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Thread: Pakistan:43 Civilians die in Taliban crossfire

  1. #31
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    Re: Into Pakistan?

    Quote Originally Posted by Zyphlin View Post
    You didn't say muslim countries, you said "Muslims".

    Refusing immigrants because of their religion, a founding principle of this country and one of the foundations of why people came here in the first place, is far different than refusing them based on their home state.
    We can refuse to admit people for any reason whatsoever and still be consistent with Constitutional principles. Red haired people, Muslim people, communists, etc. There is no Constitutional principle which mandates that immigration policy and border control follow the same procedures that are applicable to citizens and residents of the US.

    Further, Constitutional Principles are not ironclad to the point that we MUST sign onto a national suicide pact.

  2. #32
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    Re: Into Pakistan?

    As I said, it is not a clear violation of the constitution as much as it would be an act that would severely weaken one tennet of it and lead to numerous other issues contesting freedom of religion to likely spring from it. Not to mention, as i said, it'd be easy to simply not say you're muslim and then go back to being a muslim once you're in the country.

    But I was waiting for that final thing to come up. Funny, I knew another person that had thoughts along the same line of you and loved to use that line as well.

    Yes, not giving a damn about constitutional principles becuase its not a "suicide pact" is DEFINITELY libertarian.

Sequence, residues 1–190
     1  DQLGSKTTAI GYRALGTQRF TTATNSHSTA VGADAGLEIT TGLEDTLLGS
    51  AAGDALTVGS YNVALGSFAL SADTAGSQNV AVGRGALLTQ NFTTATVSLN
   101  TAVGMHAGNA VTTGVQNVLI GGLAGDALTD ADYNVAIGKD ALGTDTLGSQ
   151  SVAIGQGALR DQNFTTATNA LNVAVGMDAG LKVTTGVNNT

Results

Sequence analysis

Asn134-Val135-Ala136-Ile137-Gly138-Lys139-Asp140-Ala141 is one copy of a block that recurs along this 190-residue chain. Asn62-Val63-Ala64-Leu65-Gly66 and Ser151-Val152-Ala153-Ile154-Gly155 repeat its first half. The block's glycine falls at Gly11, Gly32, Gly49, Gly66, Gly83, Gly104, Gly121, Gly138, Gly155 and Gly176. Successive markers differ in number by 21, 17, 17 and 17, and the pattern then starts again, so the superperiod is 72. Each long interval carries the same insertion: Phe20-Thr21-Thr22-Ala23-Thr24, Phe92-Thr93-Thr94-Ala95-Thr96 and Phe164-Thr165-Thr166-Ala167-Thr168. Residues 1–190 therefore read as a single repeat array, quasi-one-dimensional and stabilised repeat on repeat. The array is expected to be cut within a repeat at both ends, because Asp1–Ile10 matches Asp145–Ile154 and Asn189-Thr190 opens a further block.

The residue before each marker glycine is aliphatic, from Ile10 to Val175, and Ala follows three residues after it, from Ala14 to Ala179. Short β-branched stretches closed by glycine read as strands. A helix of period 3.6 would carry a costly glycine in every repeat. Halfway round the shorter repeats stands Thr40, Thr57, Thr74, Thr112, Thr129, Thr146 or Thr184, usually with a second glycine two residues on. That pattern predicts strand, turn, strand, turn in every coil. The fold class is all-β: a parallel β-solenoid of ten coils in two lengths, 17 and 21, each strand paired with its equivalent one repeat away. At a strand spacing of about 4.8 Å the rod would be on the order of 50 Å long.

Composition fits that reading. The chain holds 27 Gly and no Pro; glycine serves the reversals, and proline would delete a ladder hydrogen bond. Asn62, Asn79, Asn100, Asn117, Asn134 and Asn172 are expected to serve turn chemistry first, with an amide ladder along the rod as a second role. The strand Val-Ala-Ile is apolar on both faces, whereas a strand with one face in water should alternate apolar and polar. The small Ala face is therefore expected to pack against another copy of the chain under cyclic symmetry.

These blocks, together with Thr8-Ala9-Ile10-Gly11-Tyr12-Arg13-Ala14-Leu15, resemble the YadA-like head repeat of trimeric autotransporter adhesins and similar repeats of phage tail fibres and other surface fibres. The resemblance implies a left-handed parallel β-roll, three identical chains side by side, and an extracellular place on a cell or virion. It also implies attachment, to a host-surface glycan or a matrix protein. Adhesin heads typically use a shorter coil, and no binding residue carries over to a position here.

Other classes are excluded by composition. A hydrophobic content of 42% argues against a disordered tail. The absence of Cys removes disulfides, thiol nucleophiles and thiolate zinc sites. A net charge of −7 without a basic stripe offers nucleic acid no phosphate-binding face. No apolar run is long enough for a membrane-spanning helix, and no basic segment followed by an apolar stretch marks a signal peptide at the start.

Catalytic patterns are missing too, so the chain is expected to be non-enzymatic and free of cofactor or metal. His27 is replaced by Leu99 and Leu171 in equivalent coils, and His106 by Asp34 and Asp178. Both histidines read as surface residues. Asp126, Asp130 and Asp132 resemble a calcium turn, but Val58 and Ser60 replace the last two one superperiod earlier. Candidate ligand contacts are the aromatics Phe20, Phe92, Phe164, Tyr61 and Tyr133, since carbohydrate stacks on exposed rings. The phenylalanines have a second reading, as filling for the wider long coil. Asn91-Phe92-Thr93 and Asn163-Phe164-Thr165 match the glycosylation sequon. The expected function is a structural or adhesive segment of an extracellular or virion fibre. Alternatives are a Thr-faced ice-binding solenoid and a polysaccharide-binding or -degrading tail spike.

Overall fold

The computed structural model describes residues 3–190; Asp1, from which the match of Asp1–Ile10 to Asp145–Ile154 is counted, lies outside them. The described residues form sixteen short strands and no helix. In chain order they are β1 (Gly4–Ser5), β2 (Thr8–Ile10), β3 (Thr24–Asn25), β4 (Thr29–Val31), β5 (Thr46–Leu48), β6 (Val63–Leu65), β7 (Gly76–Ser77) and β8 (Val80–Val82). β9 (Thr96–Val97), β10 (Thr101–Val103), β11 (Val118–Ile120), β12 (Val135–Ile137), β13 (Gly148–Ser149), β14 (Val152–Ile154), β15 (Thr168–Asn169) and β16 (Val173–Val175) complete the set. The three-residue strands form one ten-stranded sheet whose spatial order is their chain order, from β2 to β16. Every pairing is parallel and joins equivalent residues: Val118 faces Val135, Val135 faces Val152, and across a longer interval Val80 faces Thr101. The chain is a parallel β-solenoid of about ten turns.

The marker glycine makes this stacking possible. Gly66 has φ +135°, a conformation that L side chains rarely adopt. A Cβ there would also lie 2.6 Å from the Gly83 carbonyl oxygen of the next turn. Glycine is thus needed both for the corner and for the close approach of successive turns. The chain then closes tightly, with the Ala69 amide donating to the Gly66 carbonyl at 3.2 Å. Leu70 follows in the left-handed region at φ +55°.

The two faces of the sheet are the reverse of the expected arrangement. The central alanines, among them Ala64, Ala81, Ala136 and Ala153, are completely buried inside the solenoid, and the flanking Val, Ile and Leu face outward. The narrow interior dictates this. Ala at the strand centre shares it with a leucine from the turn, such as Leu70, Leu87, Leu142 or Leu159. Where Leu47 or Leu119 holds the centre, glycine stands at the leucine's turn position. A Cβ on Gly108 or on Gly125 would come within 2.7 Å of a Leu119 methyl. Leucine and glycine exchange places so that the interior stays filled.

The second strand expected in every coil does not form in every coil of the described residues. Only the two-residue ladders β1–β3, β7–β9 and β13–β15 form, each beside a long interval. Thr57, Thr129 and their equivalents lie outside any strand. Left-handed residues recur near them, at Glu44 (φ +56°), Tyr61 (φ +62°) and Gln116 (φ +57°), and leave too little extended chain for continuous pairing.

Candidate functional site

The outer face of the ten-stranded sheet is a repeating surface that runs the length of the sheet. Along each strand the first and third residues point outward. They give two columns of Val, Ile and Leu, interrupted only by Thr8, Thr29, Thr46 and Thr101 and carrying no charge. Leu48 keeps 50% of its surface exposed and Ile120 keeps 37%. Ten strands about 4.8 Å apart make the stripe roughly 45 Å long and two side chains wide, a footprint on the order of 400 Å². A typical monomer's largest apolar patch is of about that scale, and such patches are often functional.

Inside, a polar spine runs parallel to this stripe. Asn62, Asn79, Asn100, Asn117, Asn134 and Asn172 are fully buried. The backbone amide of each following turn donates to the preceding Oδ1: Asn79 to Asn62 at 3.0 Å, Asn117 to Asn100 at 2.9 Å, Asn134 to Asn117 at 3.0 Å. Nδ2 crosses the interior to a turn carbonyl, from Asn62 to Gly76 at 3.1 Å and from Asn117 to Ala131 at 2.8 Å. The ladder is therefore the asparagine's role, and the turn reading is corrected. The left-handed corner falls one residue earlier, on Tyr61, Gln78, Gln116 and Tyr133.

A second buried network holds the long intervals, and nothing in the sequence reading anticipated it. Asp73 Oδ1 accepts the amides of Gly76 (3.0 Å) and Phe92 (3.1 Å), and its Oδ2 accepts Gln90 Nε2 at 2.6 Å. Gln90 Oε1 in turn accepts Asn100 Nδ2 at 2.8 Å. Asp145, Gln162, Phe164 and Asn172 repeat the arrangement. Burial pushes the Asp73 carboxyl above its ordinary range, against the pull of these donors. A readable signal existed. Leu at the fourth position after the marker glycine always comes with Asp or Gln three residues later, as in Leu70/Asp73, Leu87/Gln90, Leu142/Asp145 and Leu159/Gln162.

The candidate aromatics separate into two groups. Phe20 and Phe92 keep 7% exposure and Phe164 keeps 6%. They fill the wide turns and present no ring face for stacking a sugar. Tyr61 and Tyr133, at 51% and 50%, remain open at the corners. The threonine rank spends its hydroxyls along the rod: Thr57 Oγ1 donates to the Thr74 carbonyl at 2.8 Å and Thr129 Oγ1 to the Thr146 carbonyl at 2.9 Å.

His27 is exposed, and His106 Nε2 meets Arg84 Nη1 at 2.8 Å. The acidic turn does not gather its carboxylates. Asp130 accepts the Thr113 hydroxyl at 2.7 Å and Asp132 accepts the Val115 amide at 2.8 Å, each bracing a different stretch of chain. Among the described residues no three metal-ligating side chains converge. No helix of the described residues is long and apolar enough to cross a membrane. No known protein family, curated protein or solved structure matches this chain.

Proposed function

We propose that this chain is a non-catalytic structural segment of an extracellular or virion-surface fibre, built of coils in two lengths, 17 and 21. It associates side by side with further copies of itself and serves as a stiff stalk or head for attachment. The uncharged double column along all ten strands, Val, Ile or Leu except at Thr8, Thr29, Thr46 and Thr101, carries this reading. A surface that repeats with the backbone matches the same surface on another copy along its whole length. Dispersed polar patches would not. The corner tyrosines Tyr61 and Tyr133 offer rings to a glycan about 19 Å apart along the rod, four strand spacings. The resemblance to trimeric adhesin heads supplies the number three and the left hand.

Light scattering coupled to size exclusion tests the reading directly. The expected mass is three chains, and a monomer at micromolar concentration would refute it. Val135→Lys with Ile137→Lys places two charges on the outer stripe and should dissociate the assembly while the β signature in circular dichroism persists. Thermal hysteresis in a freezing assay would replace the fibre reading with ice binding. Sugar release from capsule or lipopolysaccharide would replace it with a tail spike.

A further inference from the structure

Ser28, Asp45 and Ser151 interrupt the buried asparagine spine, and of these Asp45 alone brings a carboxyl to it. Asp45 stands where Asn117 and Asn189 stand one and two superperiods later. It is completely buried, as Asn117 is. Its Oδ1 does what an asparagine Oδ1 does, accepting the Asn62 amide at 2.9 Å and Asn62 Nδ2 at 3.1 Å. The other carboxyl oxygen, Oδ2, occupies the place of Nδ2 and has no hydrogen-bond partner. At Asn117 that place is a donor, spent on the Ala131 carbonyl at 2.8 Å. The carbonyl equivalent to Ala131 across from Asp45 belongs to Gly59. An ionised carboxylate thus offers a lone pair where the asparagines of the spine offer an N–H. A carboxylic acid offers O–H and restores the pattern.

3. #33
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    Re: Into Pakistan?

    Quote Originally Posted by Zyphlin View Post
    As I said, it is not a clear violation of the constitution as much as it would be an act that would severely weaken one tennet of it and lead to numerous other issues contesting freedom of religion to likely spring from it.
    The US had closed borders for a good part of the 20th Century and no constitutional issues arose from that administrative decision. The Constitution spells out how we govern ourselves, not how we must honor the rights of foreigners.

    Not to mention, as i said, it'd be easy to simply not say you're muslim and then go back to being a muslim once you're in the country.
    And lying on an immigration document is grounds to strip people of their citizenship. That's how we're able to deport naturalized American citizens who used to be Nazis.

    But I was waiting for that final thing to come up. Funny, I knew another person that had thoughts along the same line of you and loved to use that line as well.

    Yes, not giving a damn about constitutional principles becuase its not a "suicide pact" is DEFINITELY libertarian.
    Consider this - racial warfare within California prisons is pretty bad. Some prison administrator came up with a plan to racially segregate prisons in order to cut down on the murder rate. The courts said no. So, the high murder rate created by racial warfare continues because it is ALWAYS wrong to use race in policy decisions (unless it's used by liberals, then all is good.)

  4. #34